|"Imagine his delight, then, after the hulk of the fire truck appeared, that rather than containing bodies (which would have required decorum),its crew cab was filled with dozens of new pairs of jeans from The Gap, a Trade Center store. When a grappler pulled off the roof, the jeans were revealed for all to see. It was exactly the sort of evidence the field superintendent had been waiting for. While a crowd of initially bewildered firemen looked on, the construction workers went wild. "Jeans! Look at these! Fucking guys! Jeans!" It was hard to avoid the conclusion that the looting had begun even before the first tower fell, and that while hundreds of doomed firemen had climbed through the wounded buildings, this particular crew had been engaged in something else entirely, of course without the slightest suspicion that the South Tower was about to hammer down. Of course, this was not what the firemen wanted to hear. An angry fire chief tried to shut the construction workers up. He offered an explanation-that the jeans (tagged, folded, stacked by size) had been blown into the crew cab by the force of the collapse. The field superintendent, seeming not to hear, asked the fire chief to repeat what he had said. When he did, the construction workers only jeered louder." (Magazine version, Part III page 102. Emphasis in bold not original)
The grappler operator that Langewiesche mentions, but does not name in the above quote, has come forward to testify that no jeans were "revealed" in the crew cab and no jeering construction workers were anywhere on the scene. He was not fact-checked by Langewiesche or Atlantic Monthly. Photographs and film we have collected clearly illustrate that the operator's grappler machine is at the scene, and that police, firefighters and construction workers are respectfully standing by watching a group of firefighters carefully hand-digging Ladder 4 for human remains.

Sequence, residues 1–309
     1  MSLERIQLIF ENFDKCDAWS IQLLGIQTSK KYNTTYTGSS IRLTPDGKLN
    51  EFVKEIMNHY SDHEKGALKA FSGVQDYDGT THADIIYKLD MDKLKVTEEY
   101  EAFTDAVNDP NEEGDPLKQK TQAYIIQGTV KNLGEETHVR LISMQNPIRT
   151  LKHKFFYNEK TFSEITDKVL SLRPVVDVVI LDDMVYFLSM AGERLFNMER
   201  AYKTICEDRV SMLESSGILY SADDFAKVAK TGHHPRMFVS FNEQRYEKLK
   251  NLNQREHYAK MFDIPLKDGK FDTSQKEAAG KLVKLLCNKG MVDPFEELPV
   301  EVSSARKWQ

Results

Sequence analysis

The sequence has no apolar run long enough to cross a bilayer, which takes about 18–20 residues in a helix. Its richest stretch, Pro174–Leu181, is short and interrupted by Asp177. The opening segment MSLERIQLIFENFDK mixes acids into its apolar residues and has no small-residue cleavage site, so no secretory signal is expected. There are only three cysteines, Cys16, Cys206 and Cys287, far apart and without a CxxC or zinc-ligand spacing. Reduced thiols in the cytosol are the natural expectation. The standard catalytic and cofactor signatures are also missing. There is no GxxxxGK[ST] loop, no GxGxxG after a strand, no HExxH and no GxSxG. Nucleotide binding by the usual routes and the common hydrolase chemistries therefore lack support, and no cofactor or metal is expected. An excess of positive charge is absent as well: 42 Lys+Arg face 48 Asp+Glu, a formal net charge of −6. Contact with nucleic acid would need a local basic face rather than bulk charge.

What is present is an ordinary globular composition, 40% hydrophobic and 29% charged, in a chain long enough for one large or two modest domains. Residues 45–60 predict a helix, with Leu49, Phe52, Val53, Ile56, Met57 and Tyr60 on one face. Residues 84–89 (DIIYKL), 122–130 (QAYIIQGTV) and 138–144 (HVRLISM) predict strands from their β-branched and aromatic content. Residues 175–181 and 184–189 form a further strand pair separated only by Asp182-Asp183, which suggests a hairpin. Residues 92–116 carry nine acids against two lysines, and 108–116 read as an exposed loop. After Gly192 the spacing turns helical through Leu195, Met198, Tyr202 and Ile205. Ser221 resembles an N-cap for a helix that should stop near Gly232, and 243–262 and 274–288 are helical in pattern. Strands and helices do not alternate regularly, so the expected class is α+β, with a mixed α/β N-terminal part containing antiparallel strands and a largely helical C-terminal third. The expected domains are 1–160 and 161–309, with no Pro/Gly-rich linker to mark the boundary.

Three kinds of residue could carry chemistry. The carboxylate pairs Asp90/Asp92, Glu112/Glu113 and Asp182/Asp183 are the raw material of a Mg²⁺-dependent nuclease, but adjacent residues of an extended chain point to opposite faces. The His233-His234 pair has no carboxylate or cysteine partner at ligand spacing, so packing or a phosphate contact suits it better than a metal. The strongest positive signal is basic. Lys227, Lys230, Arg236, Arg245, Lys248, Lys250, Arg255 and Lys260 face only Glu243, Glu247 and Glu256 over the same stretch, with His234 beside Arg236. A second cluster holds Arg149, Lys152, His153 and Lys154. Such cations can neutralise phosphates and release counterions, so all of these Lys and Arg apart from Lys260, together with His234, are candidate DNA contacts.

Quid pro quo?
The DDC gave him special access; DDC Ken Holden and Michael Burton later became the heroes in his book. More soon....
Why didn't Langwiesche seek out the FEMA film crew and objective video evidence readily known and available? Reporting of truth involves more than taking testimony from one, biased side in this case--the NY Department of Design and Construction. DDC Ken Holden and Mike Burton were Langewiesche's sponsor getting him special access to the site. They openly hated the Fire Department and anyone else who slowed their "scoop and dump" operation.
As quoted from New York Newsday, (see above) Langewiesche trivialized truth-seeking by journalists, "'I'm not a truth squad as far as 9/11 goes. I'm a reporter. I was interested about what people really believed. My readers understand that and have understood that for years.'" Langewiesche's placement of seeking truth, in logical opposition to reporting, is not a journalistic standard. According to published codes of ethics, "Journalism's first obligation is to truth," and journalists should "Seek Truth and Report It." (See ethical standards for journalists, written by journalists themselves for a larger context in which to view Langewiesche's, Atlantic Monthly's and Farrar Straus'statements and behavior. Read Journalism.org's The Statement of Concern and Citizens Bill of Journalism Rights, and Society of Professional Journalists' Code of Ethics.)
Our ongoing Phase II research efforts include vigorous fact-checking, analysis of various patterns that we see occurring within data, and an examination of a larger data set. New research will include fact-checking Langewiesche's prior writing, and an analysis of Atlantic Monthly's, Farrar Straus' and Langewiesche's statements made while marketing American Ground. Phase II research also compares their initial statements to reporters, with their later responses made after our criticisms of Langewiesche's ethics and methods.